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NAMAs, AFOLU, and the Coming Forestry War

Climate change negotiators meeting in Bonn, Germany, have spent two weeks dumping their wish lists into the negotiating text for the next global climate-change treaty, bloating it from a merely contradictory and confusing 53 pages to an incomprehensible and completely irrational few hundred pages. That's by design, for once the next round of talks begins in August, there will be few if any additions to the text and plenty of deletions as negotiators take pot-shots at each other's insertions.

Digging through the current mess and speaking with negotiators, it becomes clear that all sides have clearly identified the areas of disagreement when it comes to ways of accounting for reductions in greenhouse gasses through changes in agriculture, forestry, and other land uses (AFOLU).

I'll be posting a detailed (and hopefully comprehensible) analysis of this disagreement on Ecosystem Marketplace either late next week or early the week after, but thought it would be worthwhile to post my current understanding on this blog. If anyone sees errors or omissions here, feel free to contact me at szwick@ecosystemmarketplace.com.

Broadly speaking, my initial understanding of the situation is this: developing countries mostly want to extend the existing Kyoto Protocol, while developed countries mostly want to scrap it and start with something fresh. That's because developing countries mostly feel they have more to gain by keeping the existing structure intact, while developed countries mostly feel they have more to gain by keeping only bits and pieces of the current protocol.

Developing countries, for example, really like the Kyoto framework that exempts them from mandatory caps. In Bali, they responded to calls for them to take on new obligations by proposing to undertake "nationally appropriate mitigation actions" (NAMAs), which are to be tied into sustainable development and capacity-building. Developing countries can initiate NAMAs on their own, or they can be undertaken with funding from the developed world and may include offsets. The Center for Clean Air Policy conducted an excellent side event that shed as much light as anything else on this subject. You can view it here if you have Real Player, and we will be examining this issue in more detail on Ecosystem Marketplace.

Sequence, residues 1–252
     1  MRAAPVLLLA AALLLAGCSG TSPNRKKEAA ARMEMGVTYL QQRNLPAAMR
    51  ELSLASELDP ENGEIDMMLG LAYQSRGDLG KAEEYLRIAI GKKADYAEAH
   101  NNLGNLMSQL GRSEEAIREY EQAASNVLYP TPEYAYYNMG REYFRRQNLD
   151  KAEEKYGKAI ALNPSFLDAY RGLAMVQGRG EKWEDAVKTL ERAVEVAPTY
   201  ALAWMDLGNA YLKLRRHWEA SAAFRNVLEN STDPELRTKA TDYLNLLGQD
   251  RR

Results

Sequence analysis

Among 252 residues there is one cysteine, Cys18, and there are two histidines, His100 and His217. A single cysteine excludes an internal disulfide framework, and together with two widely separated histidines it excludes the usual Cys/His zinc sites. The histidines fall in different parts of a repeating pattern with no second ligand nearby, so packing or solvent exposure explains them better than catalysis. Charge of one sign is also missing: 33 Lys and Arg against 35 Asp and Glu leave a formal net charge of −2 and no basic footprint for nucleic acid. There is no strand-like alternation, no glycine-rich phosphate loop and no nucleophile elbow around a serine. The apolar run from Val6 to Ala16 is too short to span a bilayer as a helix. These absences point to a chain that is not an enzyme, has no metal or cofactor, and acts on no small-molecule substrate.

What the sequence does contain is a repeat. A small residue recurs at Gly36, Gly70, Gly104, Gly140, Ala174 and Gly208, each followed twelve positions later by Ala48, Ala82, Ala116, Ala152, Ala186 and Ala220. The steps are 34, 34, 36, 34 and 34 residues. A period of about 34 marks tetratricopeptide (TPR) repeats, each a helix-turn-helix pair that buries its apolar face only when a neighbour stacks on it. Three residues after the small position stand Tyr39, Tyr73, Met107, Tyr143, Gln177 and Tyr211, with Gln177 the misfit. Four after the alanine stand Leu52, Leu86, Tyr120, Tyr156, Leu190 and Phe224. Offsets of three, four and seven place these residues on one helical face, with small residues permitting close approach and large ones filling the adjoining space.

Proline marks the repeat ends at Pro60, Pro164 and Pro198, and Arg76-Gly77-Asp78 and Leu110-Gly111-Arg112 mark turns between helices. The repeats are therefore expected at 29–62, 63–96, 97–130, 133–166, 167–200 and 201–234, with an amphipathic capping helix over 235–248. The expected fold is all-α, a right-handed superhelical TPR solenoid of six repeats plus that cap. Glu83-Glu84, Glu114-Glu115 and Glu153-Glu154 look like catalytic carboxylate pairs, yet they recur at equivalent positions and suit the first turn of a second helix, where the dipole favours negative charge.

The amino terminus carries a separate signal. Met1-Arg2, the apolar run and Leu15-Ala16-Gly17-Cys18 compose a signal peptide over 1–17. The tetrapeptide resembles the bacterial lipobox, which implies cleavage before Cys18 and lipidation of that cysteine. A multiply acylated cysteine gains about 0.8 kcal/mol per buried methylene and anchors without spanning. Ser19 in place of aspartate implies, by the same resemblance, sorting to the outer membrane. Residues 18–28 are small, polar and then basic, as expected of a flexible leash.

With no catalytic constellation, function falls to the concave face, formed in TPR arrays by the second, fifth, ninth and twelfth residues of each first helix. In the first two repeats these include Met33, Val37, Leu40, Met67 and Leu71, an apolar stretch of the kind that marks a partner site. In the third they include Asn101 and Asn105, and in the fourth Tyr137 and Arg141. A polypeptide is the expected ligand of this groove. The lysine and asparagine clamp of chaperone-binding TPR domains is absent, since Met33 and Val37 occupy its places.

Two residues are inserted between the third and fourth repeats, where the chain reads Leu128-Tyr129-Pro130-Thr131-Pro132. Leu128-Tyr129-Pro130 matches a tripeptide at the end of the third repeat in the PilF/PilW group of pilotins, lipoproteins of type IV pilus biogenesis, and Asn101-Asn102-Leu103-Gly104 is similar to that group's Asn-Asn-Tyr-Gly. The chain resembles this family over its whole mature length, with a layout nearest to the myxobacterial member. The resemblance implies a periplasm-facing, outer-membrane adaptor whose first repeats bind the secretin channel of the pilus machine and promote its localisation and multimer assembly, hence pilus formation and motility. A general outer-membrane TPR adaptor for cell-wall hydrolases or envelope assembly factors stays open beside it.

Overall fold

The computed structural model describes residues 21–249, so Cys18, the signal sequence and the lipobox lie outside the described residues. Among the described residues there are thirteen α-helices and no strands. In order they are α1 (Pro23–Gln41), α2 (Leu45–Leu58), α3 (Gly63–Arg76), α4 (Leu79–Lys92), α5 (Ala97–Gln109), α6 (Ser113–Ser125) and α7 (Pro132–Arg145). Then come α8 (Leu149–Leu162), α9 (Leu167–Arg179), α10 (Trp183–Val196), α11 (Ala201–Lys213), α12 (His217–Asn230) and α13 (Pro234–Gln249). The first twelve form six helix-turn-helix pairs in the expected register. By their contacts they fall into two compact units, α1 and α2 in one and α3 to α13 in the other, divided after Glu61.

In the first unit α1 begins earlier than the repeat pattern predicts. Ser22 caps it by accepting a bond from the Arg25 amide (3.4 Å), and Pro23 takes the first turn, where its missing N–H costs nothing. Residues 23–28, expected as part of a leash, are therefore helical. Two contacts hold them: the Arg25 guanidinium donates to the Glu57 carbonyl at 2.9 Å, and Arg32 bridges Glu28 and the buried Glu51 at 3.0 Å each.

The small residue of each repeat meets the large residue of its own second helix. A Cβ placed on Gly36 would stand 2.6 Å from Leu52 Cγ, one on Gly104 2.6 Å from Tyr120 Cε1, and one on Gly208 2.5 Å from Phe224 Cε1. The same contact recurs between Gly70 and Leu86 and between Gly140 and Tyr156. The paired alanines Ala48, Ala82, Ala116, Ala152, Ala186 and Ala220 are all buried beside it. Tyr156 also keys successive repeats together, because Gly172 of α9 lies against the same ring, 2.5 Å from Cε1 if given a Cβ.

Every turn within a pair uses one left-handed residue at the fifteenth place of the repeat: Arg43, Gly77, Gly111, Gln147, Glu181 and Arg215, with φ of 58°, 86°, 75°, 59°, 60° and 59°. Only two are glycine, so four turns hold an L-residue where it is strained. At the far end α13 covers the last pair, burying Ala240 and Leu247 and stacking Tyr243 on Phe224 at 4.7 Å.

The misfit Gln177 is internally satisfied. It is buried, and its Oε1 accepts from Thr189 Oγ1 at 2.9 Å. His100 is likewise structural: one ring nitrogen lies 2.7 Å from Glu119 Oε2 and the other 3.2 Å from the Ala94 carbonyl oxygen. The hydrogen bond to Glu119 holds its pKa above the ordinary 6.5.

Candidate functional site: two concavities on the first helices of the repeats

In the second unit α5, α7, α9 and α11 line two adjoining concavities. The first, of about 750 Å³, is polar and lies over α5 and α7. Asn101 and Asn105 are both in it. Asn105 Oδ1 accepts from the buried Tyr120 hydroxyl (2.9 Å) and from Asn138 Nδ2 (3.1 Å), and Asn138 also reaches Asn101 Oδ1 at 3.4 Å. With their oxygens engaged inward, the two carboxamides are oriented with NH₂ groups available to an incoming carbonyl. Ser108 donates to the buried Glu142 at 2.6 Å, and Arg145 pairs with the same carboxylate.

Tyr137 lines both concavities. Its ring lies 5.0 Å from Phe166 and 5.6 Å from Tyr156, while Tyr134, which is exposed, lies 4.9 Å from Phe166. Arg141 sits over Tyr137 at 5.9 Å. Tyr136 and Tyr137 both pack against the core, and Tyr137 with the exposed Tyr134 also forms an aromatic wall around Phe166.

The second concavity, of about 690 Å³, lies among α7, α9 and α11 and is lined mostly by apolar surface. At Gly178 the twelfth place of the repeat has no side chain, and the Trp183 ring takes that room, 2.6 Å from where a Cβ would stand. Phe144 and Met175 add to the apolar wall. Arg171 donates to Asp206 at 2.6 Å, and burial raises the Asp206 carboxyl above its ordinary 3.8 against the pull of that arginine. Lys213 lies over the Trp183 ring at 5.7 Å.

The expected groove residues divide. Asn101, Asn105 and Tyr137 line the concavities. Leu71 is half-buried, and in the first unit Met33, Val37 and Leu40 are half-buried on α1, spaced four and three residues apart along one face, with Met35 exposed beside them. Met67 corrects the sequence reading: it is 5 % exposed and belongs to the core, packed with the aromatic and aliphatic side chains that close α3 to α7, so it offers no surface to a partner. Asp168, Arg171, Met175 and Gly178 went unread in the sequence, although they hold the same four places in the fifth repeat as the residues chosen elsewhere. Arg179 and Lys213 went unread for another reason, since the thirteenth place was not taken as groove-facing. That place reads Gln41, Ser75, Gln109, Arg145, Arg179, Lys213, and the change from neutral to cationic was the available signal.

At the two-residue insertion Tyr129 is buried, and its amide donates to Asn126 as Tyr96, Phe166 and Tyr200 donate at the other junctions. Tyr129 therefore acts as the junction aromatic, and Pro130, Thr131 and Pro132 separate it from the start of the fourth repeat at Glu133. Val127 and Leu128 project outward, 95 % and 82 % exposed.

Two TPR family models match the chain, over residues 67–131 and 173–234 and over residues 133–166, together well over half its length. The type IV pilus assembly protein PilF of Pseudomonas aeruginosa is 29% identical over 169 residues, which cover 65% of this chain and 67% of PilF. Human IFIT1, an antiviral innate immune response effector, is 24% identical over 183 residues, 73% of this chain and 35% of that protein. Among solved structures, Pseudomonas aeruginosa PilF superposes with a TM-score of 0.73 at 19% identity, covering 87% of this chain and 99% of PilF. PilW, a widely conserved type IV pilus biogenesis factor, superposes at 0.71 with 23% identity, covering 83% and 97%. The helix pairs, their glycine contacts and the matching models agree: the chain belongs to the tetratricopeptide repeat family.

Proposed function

Developed countries, on the other hand, point out that many countries categorized as "developing" actually have higher GDPs and higher rates of growth than many countries categorized as "developed", and have been pushing for these countries to take on grown-up reduction targets. These same developing countries, on the other hand, really like certain elements of the protocol - such as those that that let them pick and choose which types of AFALU changes they will account for and which they will ignore.

Yes, you've read that right: under the current Kyoto Protocol, developed countries can get credits for sustainable land use that captures carbon, but instead of measuring the entire amount of carbon either captured or emitted through the country's total land-use practices, individual countries can decide which land-use activities they want to measure and which they want to ignore.

It's a sticky issue, especially because payments for reduced emissions from deforestation and forest degradation (REDD) in developing countries don't offer any such outs, and because developing countries can't yet get payments for other land use beyond forestry.

As a result, developing countries are demanding more accountability on AFOLU in the developed world, while developed countries are demanding some sort of commitment from developing countries.

The emergence of NAMAs as a compromise has raised a whole new set of questions. The Philippines, speaking on behalf of the G-77 + China, is pushing for NAMAs to be something done above and beyond global reduction targets, while others have suggested categorizing REDD offsets as a NAMA. That suggestion has run into stiff resistance from developing world negotiators, who say re-categorizing REDD at this late stage - especially by putting it into a category that doesn't fully exist yet - could complicate the process even further and make it even less likely that agreement on REDD offsets will be reached in Copenhagen.

That likelihood, by the way, is looking less and less certain - no one I spoke to in Bonn expects a final accord in Copenhagen; everyone expects by the middle of 2010, however.

I apologize if all this seems confusing, but it's all still coming into focus for me as well. You can expect a more comprehensive (and comprehensible) treatment of this subject on Ecosystem Marketplace at the end of next week.

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